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What is the easiest, most effective way in C on Linux to asynchronously call a function after a certain delay (like JavaScript's setTimeout) or set a repetitive timer call it periodically (similar to setInterval)?

Though this question applies to Linux, I hope there is a method that is cross-platform.

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There is no such facility in standard C. Please specify your platform, so a platform-specific solution can be given. –  Bart van Ingen Schenau Sep 14 '10 at 10:10
Thanks for letting me know. I have edited my answer to add further detail. –  Delan Azabani Sep 14 '10 at 10:15
What you are asking for is an OS (timer) service. I doubt you will find it in any language. –  jacknad Sep 14 '10 at 10:20
If this is not possible in any language as you say, how do the languages (e.g. JavaScript) that have this facility implement asynchronous function calling? –  Delan Azabani Sep 14 '10 at 10:22
JavaScript not only a language, it is also a platform full of objects, encapsulating the environment. JavaScript doesn't run in a void. C is a language and it is standardized separately from a platform (e.g. POSIX or Windows). And C is too used to develop systems programs which can literally run in the env devoid of anything but bare hardware. –  Dummy00001 Sep 14 '10 at 10:35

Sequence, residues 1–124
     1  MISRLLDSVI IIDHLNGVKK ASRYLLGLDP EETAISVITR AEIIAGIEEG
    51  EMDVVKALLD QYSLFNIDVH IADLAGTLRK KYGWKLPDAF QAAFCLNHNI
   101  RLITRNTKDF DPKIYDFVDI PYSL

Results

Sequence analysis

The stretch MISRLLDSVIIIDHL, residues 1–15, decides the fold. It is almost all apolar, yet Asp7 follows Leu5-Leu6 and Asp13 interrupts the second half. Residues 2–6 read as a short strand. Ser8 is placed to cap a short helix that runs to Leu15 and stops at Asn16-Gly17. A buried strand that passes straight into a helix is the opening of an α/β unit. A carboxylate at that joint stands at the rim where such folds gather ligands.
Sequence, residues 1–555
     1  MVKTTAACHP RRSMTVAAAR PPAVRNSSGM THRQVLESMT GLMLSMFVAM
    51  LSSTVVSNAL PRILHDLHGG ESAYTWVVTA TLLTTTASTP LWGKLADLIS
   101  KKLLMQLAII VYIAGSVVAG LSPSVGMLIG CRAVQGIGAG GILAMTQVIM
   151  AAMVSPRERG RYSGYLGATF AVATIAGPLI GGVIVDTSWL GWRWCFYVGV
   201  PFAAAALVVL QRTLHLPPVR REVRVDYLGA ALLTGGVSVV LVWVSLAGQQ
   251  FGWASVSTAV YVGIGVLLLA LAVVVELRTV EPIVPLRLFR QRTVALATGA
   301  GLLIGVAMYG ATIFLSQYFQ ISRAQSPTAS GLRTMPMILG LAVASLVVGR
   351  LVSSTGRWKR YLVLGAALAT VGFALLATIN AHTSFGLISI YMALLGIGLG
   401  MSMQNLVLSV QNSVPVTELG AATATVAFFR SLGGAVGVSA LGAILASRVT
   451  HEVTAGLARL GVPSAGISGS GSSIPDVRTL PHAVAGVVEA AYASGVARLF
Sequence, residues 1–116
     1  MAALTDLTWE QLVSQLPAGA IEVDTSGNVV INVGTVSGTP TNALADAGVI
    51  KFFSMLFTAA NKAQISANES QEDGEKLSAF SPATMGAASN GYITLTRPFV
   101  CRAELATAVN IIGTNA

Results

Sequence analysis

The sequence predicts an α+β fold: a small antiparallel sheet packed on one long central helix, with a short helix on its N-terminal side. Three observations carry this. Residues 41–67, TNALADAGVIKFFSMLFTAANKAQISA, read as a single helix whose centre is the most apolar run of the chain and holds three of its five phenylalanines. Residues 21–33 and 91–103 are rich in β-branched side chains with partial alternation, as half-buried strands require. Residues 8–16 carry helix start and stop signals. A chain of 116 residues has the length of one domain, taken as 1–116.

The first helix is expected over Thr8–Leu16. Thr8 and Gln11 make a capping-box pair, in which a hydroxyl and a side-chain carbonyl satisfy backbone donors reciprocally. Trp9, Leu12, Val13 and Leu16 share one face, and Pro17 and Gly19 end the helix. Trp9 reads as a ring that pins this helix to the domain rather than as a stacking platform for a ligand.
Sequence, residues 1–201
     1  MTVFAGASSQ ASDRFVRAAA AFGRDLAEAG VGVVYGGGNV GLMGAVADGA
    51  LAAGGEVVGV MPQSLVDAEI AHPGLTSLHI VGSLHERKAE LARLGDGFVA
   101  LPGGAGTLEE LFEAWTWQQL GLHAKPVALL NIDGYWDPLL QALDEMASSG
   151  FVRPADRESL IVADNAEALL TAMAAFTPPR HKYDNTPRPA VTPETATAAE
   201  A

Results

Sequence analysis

2 Answers 2

up vote 9 down vote accepted

The simplest Linux specific solution is to use the alarm function:

void alarm_handler (int signum)
    printf ("Five seconds passed!\n");

signal (SIGALRM, alarm_handler);
alarm (5);

getitimer and setitimer functions can be used to create timers with higher-precisions. (more...).

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Is there any facility for millisecond- or greater precision? Seconds-level precision isn't always enough. –  Delan Azabani Sep 14 '10 at 10:25
@Delan: Then use the setitimer() instead of the alarm(). –  Dummy00001 Sep 14 '10 at 10:27
That's great, thanks! –  Delan Azabani Sep 14 '10 at 10:29

There are two ways to go about it:

First, as mentioned in another answer, is signals triggered using alarm() or setitimer(). Both functions are available in any OS that adheres to POSIX; there's a third function called ualarm() which was obsoleted in 2008. The down side is that it's unsafe to do anything significant (e.g., I/O or other system calls) in a signal handler, so really all you want to do is maybe set a flag and let something else pick it up.

Second is to use a thread that sleeps for a certain interval and then calls your function. POSIX standardized threads as an extension in the early 1990s, and most modern OSes that support threads support POSIX threads. The pitfall here is that you have to understand the implications of having two execution contexts share the same data space and design your program accordingly or you're going to run into problems that can be a nightmare to debug.

Be aware that alarms and sleeps only promise to do what they do after at least the specified amount of time has elapsed, so you're not guaranteed the kind of accuracy you'd get on a real-time operating system.

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Thanks for the information about threading! –  Delan Azabani Sep 14 '10 at 10:58

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